1) "The incorrect traditions of their fathers" doesn't apply only to those outside the Church. It applies to the Church, as an institution, and it applies to each individual in the Church, as well. (See the allegory of the vineyard in Jacob 5 for a good description of that concept.) "Incorrect traditions" are interwoven into every organization, from the largest to a single person living alone. That doesn't excuse the effects of those traditions, but it's critical to realize - since it helps blunt the natural tendency toward exclusive harshness when one is hurt by someone or something, particularly "the Church".
2) Believing in infallibility (or holding totally unrealistic expectations) hurts much more than accepting fallibility. Those with lower expectations are harmed less than those who have their unrealistic expectations shattered.
3) NOTHING is strictly an academic issue. EVERYTHING has an emotional element to someone.
4) Those who are hurt severely by someone or something have every right to be mad and want to strike back - and, in some cases, they have every right to strike back. Likewise, time and distance are necessary for healing to occur. However, when time and distance don't heal, other proactive steps must be taken. Striking back and lashing out never is the final solution, and they rarely are the best solution.
5) I personally believe that about 75%-90% of the hurt we feel was not intended by the ones who hurt us - even in many cases where the pain was deep and lasting. In many of those cases, someone was acting in a way that they felt was "right" or "necessary" - or it simply had been drilled into them over their own lifetime. In many other cases, the person actually is totally unaware of the pain or harm they caused. I can NEVER know exactly and comprehensively why someone acts as they do, so I simply can't judge or condemn THEM - even when I am required to judge and even condemn their actions.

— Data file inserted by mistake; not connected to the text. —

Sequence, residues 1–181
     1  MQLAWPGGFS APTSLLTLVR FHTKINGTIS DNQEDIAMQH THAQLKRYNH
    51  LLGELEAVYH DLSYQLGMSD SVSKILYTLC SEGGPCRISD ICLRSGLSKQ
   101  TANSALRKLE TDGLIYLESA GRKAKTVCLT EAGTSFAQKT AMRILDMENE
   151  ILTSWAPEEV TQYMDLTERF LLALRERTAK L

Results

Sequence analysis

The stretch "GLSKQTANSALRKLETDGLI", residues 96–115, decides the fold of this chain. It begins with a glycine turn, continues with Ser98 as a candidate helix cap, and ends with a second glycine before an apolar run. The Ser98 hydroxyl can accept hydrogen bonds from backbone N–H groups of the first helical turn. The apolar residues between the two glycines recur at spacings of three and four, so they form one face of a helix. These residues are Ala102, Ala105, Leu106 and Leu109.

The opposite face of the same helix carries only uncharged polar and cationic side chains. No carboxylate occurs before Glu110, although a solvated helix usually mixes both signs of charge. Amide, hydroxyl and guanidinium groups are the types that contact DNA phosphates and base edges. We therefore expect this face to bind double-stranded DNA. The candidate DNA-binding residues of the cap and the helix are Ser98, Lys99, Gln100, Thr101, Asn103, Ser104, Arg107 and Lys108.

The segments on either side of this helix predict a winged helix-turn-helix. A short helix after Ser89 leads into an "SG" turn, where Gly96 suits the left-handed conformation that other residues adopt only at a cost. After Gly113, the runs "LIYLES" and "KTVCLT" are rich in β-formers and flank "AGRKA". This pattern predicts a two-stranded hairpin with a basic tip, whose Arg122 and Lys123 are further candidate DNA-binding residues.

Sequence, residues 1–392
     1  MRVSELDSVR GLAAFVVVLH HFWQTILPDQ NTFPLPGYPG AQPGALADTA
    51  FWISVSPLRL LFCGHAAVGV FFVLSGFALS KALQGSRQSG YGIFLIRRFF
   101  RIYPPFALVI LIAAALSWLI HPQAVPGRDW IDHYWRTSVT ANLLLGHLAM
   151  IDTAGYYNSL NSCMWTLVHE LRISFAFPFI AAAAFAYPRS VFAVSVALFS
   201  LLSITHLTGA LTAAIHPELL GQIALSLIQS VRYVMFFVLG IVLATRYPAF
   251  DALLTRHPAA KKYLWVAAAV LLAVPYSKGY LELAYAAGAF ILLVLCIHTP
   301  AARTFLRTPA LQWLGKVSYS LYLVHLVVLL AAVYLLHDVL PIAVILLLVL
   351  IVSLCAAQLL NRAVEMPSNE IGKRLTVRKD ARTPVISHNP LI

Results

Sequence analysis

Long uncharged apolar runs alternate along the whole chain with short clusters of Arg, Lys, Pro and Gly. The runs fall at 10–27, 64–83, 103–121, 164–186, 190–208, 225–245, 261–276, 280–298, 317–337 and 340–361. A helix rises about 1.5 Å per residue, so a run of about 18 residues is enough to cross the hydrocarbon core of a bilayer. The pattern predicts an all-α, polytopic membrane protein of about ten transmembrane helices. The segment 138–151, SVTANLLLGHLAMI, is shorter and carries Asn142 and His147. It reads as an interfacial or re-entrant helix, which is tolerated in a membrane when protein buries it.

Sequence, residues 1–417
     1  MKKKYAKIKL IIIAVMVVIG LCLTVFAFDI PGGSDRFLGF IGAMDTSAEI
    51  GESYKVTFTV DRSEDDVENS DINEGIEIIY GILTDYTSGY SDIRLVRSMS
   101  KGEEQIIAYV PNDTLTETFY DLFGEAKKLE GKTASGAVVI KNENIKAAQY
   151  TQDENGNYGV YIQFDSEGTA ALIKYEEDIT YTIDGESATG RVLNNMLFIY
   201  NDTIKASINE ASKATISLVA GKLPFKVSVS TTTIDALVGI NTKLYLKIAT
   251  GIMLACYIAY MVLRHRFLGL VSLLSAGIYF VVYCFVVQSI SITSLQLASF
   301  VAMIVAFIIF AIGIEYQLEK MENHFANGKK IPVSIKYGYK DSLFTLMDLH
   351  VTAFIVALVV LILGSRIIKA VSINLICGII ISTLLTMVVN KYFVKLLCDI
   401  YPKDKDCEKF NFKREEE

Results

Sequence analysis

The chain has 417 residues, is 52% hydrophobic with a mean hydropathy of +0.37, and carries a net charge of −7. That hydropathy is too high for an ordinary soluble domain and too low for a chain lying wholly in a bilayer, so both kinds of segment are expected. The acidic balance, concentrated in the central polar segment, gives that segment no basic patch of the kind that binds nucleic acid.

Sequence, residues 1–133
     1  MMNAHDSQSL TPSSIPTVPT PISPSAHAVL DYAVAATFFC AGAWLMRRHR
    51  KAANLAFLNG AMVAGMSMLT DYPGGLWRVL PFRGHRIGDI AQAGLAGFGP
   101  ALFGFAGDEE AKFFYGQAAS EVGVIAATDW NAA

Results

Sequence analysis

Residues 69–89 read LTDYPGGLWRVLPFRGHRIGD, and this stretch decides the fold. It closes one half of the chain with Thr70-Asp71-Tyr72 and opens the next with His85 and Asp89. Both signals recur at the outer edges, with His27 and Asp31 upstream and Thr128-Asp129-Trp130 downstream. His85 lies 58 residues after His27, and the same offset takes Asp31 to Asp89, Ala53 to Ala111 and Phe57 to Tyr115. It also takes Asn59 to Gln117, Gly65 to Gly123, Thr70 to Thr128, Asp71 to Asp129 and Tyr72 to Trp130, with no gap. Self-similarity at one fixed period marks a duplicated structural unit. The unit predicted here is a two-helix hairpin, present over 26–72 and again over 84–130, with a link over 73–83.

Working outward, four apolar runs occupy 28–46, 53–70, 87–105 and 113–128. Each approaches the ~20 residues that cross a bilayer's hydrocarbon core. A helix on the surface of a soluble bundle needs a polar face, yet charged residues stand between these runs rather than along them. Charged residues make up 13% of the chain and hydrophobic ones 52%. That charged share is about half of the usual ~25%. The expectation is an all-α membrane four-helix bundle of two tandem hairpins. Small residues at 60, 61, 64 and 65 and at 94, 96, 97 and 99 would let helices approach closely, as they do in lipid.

6) Many bad things are the choice of the lesser of two evils - or, at the very least, not a choice of one obvious good and one obvious bad.
7) Finally, time and distance can bring healing, but, conversely, time and distance also can distort and push toward extremes - to the end results of both condemnation and denial. Therefore, healing is most likely when initiated as early as possible after the original harm. Festering emotional and spiritual wounds are no different than festering physical wounds in that regard. If left untreated, they will become cancerous.
Total objectivity ultimately is impossible, but attempted objectivity is important.